Gs boiler blowing steam through relief valve


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Old 01-20-09, 11:05 AM
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Gas boiler blowing steam through relief valve

My gas boiler is a hot water system.It was blowing steam and water from the temperature relief valve. We changed the relief valve, and expansion tank. It still blew . Last year we changed the aquastat relay. My plumber thinks the relay is bad...and not recgonizing the boiler temp... and therefore creating steam, causing it to percolate and blow. Is this true. Is a hot water system supposed to make steam ???
 
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Old 01-20-09, 11:20 AM
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I hope you have a pressure and temperature gauge on your system. What do they read?
 
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Old 01-20-09, 11:25 AM
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the guage on top read read 180 when the steam was blowing, i could not read the other number
 
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Old 01-20-09, 11:52 AM
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Well, you shouldn't be getting steam with a 180 degree temperature level. You can read the settings for the relief valve on the metal tag attached to it.

I'm supposing that it's a pressure and temperature relief valve that's opening, and that it may be opening because of too high pressure. At what temperature and pressure does the tag say the relief valve should open?
 
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Old 01-20-09, 12:16 PM
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I miss read the guage...the temp was close to 240 degrees or more when the valve was discharging. The tag reads 30psi...no temperature info ... it says 510 BTU/HR.
 
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Old 01-20-09, 12:42 PM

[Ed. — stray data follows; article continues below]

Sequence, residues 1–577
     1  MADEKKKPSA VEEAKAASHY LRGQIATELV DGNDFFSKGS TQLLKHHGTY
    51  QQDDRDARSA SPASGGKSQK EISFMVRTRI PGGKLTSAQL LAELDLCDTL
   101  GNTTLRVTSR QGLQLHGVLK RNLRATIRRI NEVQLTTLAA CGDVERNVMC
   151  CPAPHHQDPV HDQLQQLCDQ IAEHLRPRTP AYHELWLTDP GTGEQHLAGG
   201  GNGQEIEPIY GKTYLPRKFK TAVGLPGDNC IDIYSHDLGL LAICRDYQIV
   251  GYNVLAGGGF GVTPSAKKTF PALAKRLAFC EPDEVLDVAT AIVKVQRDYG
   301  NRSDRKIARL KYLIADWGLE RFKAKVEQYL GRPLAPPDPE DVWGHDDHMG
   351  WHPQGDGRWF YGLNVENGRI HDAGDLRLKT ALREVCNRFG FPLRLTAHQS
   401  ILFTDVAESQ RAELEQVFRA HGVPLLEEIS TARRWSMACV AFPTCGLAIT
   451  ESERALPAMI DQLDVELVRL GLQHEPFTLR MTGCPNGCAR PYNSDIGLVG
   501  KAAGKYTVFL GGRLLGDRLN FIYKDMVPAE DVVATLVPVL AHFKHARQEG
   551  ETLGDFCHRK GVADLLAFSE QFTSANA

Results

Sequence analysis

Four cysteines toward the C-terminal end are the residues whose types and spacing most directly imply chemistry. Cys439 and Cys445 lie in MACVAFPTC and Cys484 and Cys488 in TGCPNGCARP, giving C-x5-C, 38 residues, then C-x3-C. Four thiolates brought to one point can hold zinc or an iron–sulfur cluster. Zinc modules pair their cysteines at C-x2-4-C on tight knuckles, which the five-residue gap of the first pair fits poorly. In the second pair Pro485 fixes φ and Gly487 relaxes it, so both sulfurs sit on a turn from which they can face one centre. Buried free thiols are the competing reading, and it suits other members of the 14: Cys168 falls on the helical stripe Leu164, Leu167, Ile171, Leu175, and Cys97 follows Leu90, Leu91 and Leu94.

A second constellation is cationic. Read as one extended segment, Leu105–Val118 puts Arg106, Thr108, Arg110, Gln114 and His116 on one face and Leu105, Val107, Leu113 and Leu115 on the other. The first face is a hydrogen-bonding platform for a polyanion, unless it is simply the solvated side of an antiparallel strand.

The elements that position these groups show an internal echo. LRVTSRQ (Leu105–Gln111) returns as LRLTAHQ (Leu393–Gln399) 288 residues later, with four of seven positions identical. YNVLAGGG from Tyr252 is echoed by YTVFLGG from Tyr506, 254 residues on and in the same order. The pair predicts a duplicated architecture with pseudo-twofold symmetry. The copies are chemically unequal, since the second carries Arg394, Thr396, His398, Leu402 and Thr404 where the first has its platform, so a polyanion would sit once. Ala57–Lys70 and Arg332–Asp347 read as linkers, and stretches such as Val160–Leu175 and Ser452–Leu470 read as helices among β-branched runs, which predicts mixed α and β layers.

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Do you know which aquastat controls the boiler temperature? It's not uncommon for there to be several aquastats doing different things on a boiler system.

I'm presuming this is set up as a hydronic heating (hot water) system, and not as a steam system. If that's the case, 240 degrees is clearly too hot.

An aquastat temperature for a hydronic heating system could be set for temperatues ranging from 140-200 dgrees. What setting is on the aquastat?


What was the reason given for changin out the relief valve and expansion tank? Guessing as to what the problem might be is not the mark of a good repairman. Knowing how to test for possible defects and eliminate them until you identify the actual problem is the right approach.

That said, if you have 240 degree temperature and the operating aquastat is set for someplace in the 140-200 degree range, there is a problem if you are checking the right aquastat.

How many aquastats do you have on your system and what do they do?
 
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Old 01-20-09, 01:09 PM
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Does the pressure relief valve blow off quickly when the system is cool or does it take a long time to blow off. If it blows off fast then the boiler may not be full of water. If it blows off after a long time then there could be a control problem. What is your aquastat set for? Did you try turning down the dial on it while it is running to see if the control is sticking keeping the gas valve energized? An average temp. setting is 180degrees. If you are getting 240 degrees then that is way too hot. I would try letting the system cool down, then check the pressure gauge and see that it shows app. 12 psi. Then start up the system and see how long it takes for the pressure and temperature to rise causing the relief valve to open. The normal operating pressure is between 12 and 22psi.
 
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Old 01-20-09, 01:22 PM
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Unfortunately for me , I'm not sure of the repairmans thinking. There is 1 aquastat on the boiler. It is a hydronic (hot water system) The aquastat temp. was set at approx. 170 degrees, and it was blowing steam .
 
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Old 01-20-09, 01:27 PM
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Well the aquastat should be shutting off the boiler at 170 degrees.

Prudence suggests leaving the boiler turned off until it's been inspected and repaired. It certainly sounds like the aquastat is bad.
 
 

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